Biotech IPOs have gone from hot to cold.
Biotechnology stocks were among the most sought-after initial public offerings this year, with 38 through mid-November. That’s the most to go public since 2000, according to Credit Suisse. But all five biotech offerings planned for the week of Nov. 18 were postponed. And a biotech debut on Tuesday priced at the low end of expectations.
Why the sudden freeze?
The failure of an experimental drug in September scared investors and started a sell-off of newly public biotech companies. That clobbering of new biotechs has pushed their gains below those of the Standard & Poor’s 500 index.
A Credit Suisse index of new biotech stocks showed them up about 20 percent this year, compared with a gain of 27 percent for the S&P 500 index.
That’s a problem for new biotechs, because one of the draws of investing in such risky companies is beating the broader market, especially since many don’t generate revenues, let alone profits.
Recently delayed biotech IPOs include Celladon Corp., which is developing therapies to treat heart disease, and Trevena Inc., which is developing treatments for heart failure.
“We’ve postponed due to market conditions; we haven’t pulled the IPO,” said Fredrik Wiklund, Celladon’s vice president for corporate development and investor relations. He declined to talk in more detail about the IPO, citing the quiet period before trading.
Trevena said in an emailed statement that it postponed its offering because of “current market conditions.” It said it wants to “ensure full value” for its technology for its owners.
The trouble for biotech IPOs started on Sept. 20, when it was announced that a potential treatment for Duchenne muscular dystrophy failed in a late-stage study. The treatment was developed by Dutch company Prosensa Holding N.V., which went public on June 28 at $13 a share and closed as high as $33.28 on Aug. 1.
Prosensa plunged after the September news. Its stock is down 80 percent since then, and closed Monday at $4.78.
GlaxoSmithKline, which is working with Prosensa, said it will examine the study’s results more before deciding its next move.
Prosensa’s woes spooked biotech investors by reminding them that disaster can strike, said Francis Gaskins, who runs IPOdesktop, which advises investors on offerings. And because it can take a long time for drugs and treatments to move from the lab to the marketplace, biotech IPOs are “going to be in the doghouse a while longer.”
“The window of excitement for that sector is closed,” Gaskins said.
There are other signs that biotech IPOs have been struggling. Newly public companies have a lock-up period that prevents insiders from selling their shares, often for around six months. Credit Suisse analyst Ravi Mehrotra noted that 11 biotechs that have had their lockups expire had risen 57 percent, on average, before the expiration. Those same companies were down 11 percent after their lockups expired.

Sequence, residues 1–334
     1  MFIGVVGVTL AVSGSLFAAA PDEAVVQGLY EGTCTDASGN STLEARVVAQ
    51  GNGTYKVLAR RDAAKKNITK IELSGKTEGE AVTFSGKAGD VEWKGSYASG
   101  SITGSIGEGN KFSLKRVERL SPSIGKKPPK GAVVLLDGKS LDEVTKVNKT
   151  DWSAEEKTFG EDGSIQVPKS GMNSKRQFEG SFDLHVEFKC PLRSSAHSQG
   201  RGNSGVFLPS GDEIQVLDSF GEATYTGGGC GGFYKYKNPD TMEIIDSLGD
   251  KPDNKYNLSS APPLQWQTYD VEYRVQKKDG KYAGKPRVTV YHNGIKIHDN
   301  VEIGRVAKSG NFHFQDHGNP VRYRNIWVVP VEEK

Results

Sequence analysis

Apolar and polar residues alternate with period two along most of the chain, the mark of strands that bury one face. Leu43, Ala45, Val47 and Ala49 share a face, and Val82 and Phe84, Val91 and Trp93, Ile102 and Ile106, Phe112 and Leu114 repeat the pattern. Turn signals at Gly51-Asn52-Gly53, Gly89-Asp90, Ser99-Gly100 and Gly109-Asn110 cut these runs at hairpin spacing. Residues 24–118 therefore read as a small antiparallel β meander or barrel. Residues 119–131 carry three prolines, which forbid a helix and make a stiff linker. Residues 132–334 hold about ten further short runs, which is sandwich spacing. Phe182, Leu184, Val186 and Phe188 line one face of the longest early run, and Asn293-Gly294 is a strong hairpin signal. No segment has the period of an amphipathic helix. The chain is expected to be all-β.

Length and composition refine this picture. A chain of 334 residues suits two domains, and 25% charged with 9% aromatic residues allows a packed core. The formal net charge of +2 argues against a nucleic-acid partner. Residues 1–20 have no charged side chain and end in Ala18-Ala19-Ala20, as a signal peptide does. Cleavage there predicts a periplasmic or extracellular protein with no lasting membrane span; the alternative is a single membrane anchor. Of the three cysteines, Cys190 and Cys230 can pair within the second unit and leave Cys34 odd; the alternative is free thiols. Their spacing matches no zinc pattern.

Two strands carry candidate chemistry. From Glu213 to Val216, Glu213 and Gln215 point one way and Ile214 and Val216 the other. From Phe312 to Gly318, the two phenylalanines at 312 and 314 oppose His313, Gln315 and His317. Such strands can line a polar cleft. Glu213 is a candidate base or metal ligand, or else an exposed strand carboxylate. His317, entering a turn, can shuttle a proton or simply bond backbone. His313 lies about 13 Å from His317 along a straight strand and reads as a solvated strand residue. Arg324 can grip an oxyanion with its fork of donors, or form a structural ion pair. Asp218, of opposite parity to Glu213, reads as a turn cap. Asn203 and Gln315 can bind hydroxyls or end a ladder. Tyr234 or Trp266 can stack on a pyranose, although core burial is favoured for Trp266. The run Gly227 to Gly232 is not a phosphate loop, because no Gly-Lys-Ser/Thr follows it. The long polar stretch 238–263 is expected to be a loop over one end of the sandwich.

And although many of those companies are still above their IPO price, 31 of them are down 20 percent or more from their peak.
On Tuesday, an IPO for biotech Xencor priced at the low end of expectations. The company, which develops treatments for severe autoimmune and allergic diseases, and cancer, said it raised nearly $70 million by selling 12.7 million shares for $5.50 each. In November, the company said it planned to sell five million shares for $14 to $16 each, which would have raised $80 million at the high end.
Still, the stock rose $2.84, or 51.64 percent, to close at $8.34. It then dropped 14 cents, to $8.20, in after-hours trading.
Other IPOs have done very well. Aratana Therapeutics Inc., which develops pet medications based on therapies for humans, has more than tripled from its IPO price of $6 a share, closing Monday at $19.31.
It’s not unusual for investors to stand behind biotech companies even when they post losses.
Stemline Therapeutics is a good example. It has no revenue, according to its Nov. 12 quarterly filing, and has lost almost $36 million from operations from its founding in 2003 through the end of September. Still, investors are interested in its work on drugs that target cancer stem cells, from which brain tumors grow. It’s also working on treatments for myeloid leukemia.
The company’s Jan. 29 IPO raised $101.6 million, with shares pricing at $10 each. The stock peaked at $47.25 on Oct. 1, then began the same decline seen in other biotechs. Stemline shares closed at $21.48 on Tuesday, but were still more than double their IPO price.